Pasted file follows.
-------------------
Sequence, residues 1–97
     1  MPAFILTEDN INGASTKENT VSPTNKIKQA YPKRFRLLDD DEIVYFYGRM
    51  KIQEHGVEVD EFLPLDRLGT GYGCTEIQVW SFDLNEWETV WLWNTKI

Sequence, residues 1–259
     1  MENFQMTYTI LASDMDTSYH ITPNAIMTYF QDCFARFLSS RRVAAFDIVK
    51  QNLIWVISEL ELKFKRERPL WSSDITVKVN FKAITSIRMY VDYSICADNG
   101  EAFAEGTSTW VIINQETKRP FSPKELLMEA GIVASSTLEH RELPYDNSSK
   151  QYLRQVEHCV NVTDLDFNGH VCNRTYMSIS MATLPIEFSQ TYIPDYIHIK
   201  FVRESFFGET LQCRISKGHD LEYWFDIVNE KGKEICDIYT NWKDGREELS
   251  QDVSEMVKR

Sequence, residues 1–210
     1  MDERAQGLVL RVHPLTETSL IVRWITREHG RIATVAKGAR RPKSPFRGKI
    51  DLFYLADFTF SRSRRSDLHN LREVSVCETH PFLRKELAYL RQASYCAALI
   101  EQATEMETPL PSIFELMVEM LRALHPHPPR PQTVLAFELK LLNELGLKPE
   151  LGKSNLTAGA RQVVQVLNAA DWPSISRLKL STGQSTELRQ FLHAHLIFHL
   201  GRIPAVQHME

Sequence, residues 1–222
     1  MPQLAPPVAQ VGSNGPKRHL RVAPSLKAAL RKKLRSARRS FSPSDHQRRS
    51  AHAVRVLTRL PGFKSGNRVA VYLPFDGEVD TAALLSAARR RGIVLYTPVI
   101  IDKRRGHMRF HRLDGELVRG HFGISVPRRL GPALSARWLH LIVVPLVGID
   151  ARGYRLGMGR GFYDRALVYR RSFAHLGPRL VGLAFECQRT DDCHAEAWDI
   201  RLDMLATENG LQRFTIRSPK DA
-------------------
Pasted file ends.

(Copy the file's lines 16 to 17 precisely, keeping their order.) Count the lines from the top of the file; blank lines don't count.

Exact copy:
   201  GRIPAVQHME

Sequence, residues 1–222